China is continuing to sell dangerous nuclear technology and missiles around the world, mainly to North Korea and Iran, according to the Congressional Research Service.
A CRS report published earlier this month reveals that the Chinese government seems to have ceased direct involvement in nuclear arms proliferation and sales of complete missile systems in favor of hiding behind cutout entities.
“The Chinese government has apparently ended its direct involvement in the transfer of nuclear- and missile-related items, but Chinese-based companies and individuals continue to export goods relevant to those items, particularly to Iran and North Korea,” the report states.
A more recent focus of China‘s arms proliferation has been the threat of the acquisition of American-origin nuclear technology. The CRS report said a 2018 State Department annual report on arms compliance provided details of the illicit activities by China.
The Chinese government has denied engaging in arms proliferation activities and has insisted it supports international arms control and nonproliferation regimes.
The report, based on highly classified intelligence, said Chinese companies in 2018 supplied missile goods restricted by the Missile Technology Control Regime (MTCR), an informal international arms accord, to Iran, North Korea, Syria, and Pakistan.
Beijing ignored U.S. government appeals to stop the sales, the report said.
The most recent State Department arms compliance report omitted details of the Chinese proliferation activities but stated that Beijing continued to supply missile goods in violation of its MTCR commitments. The arms proliferation has continued despite decades of sanctions imposed on Chinese entities for arms proliferation activities.
The most recent sanctions were imposed in November against two Chinese entities for what the State Department said were in response to the companies’ transfer of “sensitive technology and items to Iran‘s missile program.”
Earlier in 2017 the Treasury Department sanctioned a Chinese coal company for using foreign exchange produced by selling North Korean coal and using the funds to purchase nuclear and missile components for Pyongyang.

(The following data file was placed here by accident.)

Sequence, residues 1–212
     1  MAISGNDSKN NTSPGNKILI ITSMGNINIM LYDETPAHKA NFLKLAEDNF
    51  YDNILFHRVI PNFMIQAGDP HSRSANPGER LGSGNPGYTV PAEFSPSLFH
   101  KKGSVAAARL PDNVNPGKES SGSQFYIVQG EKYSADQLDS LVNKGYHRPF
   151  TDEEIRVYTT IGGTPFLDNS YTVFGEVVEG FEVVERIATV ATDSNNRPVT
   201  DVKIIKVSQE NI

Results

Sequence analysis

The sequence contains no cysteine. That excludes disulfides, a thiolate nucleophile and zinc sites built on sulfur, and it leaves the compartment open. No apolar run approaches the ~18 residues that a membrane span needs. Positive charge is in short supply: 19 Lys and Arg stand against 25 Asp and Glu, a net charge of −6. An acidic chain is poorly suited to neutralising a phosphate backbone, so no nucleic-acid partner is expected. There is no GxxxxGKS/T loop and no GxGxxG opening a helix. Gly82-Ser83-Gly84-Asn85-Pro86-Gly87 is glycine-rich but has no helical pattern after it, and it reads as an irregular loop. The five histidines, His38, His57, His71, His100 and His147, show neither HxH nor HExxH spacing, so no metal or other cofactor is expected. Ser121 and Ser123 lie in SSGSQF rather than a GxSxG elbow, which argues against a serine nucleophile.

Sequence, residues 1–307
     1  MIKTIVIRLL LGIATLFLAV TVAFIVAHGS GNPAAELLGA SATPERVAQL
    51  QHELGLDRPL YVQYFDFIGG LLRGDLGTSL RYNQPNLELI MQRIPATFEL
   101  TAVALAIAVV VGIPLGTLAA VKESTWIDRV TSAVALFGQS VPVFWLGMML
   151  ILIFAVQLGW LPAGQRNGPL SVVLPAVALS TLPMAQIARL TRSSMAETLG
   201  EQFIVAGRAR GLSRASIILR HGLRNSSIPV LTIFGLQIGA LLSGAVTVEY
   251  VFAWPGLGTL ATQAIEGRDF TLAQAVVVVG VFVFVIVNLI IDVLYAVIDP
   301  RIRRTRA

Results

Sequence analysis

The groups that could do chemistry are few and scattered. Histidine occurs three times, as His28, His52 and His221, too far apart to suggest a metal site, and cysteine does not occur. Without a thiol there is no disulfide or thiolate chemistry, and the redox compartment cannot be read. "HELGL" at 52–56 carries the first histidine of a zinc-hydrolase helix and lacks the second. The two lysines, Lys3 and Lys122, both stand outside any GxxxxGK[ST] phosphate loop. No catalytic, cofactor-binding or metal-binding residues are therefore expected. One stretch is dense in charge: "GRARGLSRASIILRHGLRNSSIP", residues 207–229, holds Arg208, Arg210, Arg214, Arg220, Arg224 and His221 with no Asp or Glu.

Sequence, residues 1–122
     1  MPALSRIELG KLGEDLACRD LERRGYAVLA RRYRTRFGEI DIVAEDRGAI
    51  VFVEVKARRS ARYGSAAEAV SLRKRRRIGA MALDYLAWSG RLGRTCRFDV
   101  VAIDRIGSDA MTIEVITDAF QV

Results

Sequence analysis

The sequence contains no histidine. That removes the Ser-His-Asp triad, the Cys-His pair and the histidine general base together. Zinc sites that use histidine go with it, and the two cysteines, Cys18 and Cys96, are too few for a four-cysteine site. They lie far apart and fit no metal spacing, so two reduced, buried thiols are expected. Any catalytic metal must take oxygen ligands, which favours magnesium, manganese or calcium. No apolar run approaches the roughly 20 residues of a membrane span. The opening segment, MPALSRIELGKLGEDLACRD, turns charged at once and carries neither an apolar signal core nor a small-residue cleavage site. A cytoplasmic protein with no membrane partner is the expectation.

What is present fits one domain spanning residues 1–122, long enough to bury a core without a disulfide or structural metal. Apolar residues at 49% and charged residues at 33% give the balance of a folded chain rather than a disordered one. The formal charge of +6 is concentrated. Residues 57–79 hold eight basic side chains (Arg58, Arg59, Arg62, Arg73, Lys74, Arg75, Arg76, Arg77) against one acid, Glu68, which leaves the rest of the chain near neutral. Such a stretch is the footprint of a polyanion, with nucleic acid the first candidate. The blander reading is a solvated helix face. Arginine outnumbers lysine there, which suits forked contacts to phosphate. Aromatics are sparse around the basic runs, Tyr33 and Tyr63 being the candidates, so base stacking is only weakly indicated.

The CRS report sought to distance the Chinese government from the illicit arms proliferation, quoting former State Department arms expert Vann Van Diepen as saying that even if the arms-related transfers are not state-sponsored, the government has failed to devote enough resources to stop them.
“When that continues to be the case over 20 years, even when they have been criticized, over time it becomes a choice, and you have to wonder what’s going on,” Mr. Van Diepen said.
In addition to arms proliferation, China also has engaged in money-laundering, providing illicit financial services and utilizing “a network of financial representatives, primarily in China, who operate as agents for North Korean financial institutions,” the report said.
“The representatives orchestrate schemes, set up front or shell companies, and manage surreptitious bank accounts to move and disguise illicit funds, evade sanction, and finance the proliferation of North Korea‘s [weapons of mass destruction] and ballistic missile programs.”
According to Alex Wong, until recently deputy assistant secretary of state for North Korea, China hosts around two dozen North Korean weapons of mass destruction and missile procurement agents and bank representatives.
“China has flouted U.N. Security Council resolutions’ requirements to expel such representatives,” the report quoted Mr. Wong as saying, adding that the U.S. government “provided China with ample actionable information on the ongoing U.N.-prohibited activities occurring within its borders,” yet Beijing “has chosen not to act.”
The report also says China is assisting the Saudi Arabian government in building facilities for possible uranium production.
China also built civilian nuclear reactors in Pakistan that have been a proliferation concern. Critics say the reactors violate Beijing‘s commitments to the Nuclear Suppliers Group, an international organization devoted to halting nuclear weapons proliferation.
“China has constructed four power reactors in Pakistan and is constructing two additional such reactors,” the CRS report said, noting the facilities’ lack of international oversight. “Islamabad’s nuclear weapons facilities are not safeguarded.”
China has been a major nuclear proliferator beginning in the late 1990s when Beijing sold ring magnets to Pakistan that were used in the development of Islamabad’s nuclear weapons. China also has sold heavy-duty truck chassis that were used for North Korea‘s new, road-mobile intercontinental ballistic missiles.
China‘s initial motivation for sales of dangerous weaponry was a way to raise funds for its military modernization program.
“During the 1980s and 1990s, China transferred nuclear and missile technology to other countries’ weapons programs,” the report said.
“China provided assistance to Pakistan‘s nuclear weapons program and engaged in nuclear cooperation with Iran. Beijing exported missiles to Pakistan, Saudi Arabia, and Iran.”